FD is a rare skeletal disorder, which is often encountered in adolescents and young adults during the investigation for an unrelated cause. Clinical manifestation of FD varies greatly, depending on the affected skeleton [4, 5]. Painless bony enlargement of part of the face is the usual presentation in the first decade of patient's life. If bone structures of skull base or posterior orbit are involved, the patient can develop vision loss, hearing impairment or nerve palsy [5, 6]. It is important to recognize that PFD can also present with multiple bone sclerotic/lytic lesions, especially in young patients. Early clinical suspicion can accelerate diagnosis and minimize patient’s anxiety. Differential diagnosis includes other common etiologies, such as multiple myeloma, prostate cancer, myeloproliferative disorders and infection. CT is the choice of initial evaluation [6]. Typical lesions have “ground-glass appearance” (Figure 3). Magnetic resonance imaging (MRI) can be used to visualize nearby structural compression. And positron emission tomography (PET)-CT, usually as a part of metastasis workup, shows high nuclear signal enrichment [7]. Bone biopsy is often necessary and confirmatory, especially when there is a concern for malignancy as in our case [7, 8].

PFD can be associated with skin cafe-au-lait pigmentation, endocrine abnormality, and this classic triad is known as McCune-Albright syndrome (MAS), which is caused by genetic mutation of GNAS gene. In contrast to cafe-au-lait spots with smooth borders in other disorders, the borders of cafe-au-lait spots in MAS are often irregular and described as coast of Maine (Figure 2). Girls with MAS may show precocious puberty caused by excessive estrogen. Less commonly, boys with MAS may also have early puberty, which is absent in this reported case. Endocrine problems may also affect other organs, including thyroid gland, pituitary gland and, rarely, adrenal gland. Patients need to be advised to have regular check up for potential endocrine disorders.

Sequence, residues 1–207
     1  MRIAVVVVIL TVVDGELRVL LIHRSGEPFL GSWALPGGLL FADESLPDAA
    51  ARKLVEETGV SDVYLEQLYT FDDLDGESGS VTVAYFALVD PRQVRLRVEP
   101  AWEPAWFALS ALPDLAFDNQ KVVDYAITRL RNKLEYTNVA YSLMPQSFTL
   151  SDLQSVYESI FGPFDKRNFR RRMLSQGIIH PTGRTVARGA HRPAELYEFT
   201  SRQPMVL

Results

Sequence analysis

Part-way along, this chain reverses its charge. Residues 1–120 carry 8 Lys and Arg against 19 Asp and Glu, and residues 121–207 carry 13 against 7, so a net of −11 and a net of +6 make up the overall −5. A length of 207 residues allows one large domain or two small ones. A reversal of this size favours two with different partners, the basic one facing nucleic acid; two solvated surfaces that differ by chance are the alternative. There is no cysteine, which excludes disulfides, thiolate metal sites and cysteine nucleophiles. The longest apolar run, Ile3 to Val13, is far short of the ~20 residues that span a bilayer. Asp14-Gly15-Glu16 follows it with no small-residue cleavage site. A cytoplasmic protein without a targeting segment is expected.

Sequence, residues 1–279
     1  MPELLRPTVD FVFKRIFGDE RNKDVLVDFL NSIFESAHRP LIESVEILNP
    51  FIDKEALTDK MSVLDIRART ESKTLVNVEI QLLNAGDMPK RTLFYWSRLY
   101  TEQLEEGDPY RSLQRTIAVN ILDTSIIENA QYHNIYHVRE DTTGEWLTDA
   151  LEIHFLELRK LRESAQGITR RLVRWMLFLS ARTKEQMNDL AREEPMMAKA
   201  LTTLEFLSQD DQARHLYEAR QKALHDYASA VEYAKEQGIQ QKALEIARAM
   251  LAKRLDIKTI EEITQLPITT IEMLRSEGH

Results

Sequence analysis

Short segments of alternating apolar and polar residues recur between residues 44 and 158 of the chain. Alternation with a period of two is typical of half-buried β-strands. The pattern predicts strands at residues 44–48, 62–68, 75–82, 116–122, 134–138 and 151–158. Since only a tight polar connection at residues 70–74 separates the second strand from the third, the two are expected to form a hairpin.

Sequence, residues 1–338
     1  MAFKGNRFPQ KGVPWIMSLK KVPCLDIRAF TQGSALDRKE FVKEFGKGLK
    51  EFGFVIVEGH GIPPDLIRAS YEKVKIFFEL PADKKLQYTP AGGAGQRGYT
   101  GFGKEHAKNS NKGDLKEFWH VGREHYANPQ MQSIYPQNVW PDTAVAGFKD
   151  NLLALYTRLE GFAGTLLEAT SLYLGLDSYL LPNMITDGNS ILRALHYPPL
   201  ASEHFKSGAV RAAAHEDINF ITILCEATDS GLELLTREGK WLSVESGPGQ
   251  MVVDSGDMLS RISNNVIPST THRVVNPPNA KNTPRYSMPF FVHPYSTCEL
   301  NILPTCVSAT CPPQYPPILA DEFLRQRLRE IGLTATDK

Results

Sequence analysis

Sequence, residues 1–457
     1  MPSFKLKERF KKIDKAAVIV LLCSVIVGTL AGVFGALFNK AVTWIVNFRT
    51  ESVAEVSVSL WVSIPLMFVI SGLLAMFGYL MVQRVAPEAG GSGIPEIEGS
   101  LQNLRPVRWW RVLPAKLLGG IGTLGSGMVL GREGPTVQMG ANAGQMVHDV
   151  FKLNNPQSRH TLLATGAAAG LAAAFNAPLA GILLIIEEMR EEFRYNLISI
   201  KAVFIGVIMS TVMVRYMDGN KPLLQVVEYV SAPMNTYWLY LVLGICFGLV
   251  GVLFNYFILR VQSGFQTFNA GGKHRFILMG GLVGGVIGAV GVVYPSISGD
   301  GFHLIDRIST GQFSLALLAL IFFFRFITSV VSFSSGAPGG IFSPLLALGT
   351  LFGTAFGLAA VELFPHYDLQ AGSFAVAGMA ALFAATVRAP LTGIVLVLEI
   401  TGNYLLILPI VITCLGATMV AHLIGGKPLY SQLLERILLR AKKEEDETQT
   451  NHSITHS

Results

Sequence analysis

The treatment of polyostotic FD focuses on symptomatic control. Pain is common among FD patients. Some patients require NSAIDS for pain control with or without narcotics. The use of bisphosphonates for pain control has been reported. In small non-randomized trials, intravenous infusion of pamidronate is associated with reduced bone pain, decreased bone turnover, reduced fracture and increased bone density [9, 10]. However, it is controversial whether bisphosphonates can change progression of the disease process [11, 12]. For patients who failed the treatment with bisphosphonates, the use of denosumab has also been reported [13]. Surgical intervention is usually necessary for lesions which are cosmetically significant or symptomatic [6]. For patients with clinical impairment of optic nerve, urgent surgical decompression is indicated [14]. However, for asymptomatic patients with radiographical involvement of optic nerve, watchful waiting showed superior clinical outcome and prophylactic surgical decompression is not indicated [14].

Conclusions

Fibrous dysplasia is a rare benign bone disorder featured with replacement of bone with fibrous connective tissue, which can mimic metastatic bone disease. It is important to recognize that PFD can also present with multiple osseous lesions, especially in young patients. Early clinic suspicion can accelerate diagnosis, minimize unnecessary workup, cost and length of stay.


References

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Case report
peer-reviewed

Polyostotic Fibrous Dysplasia Mimicking Osseous Metastases


Author Information

Luwei Tao Corresponding Author

Internal Medicine, Florida Hospital, Orlando, USA

Jingxin Sun

Internal Medicine, Florida Hospital, Orlando, USA

Akriti G. Jain

Internal Medicine, Florida Hospital, Orlando, USA

Jie Ouyang

Pathology, Florida Hospital, Orlando, USA

Daniel Tambunan

Internal Medicine, Florida Hospital, Orlando, USA


Ethics Statement and Conflict of Interest Disclosures

Human subjects: Consent was obtained by all participants in this study. Conflicts of interest: In compliance with the ICMJE uniform disclosure form, all authors declare the following: Payment/services info: All authors have declared that no financial support was received from any organization for the submitted work. Financial relationships: All authors have declared that they have no financial relationships at present or within the previous three years with any organizations that might have an interest in the submitted work. Other relationships: All authors have declared that there are no other relationships or activities that could appear to have influenced the submitted work.


Case report
peer-reviewed

Polyostotic Fibrous Dysplasia Mimicking Osseous Metastases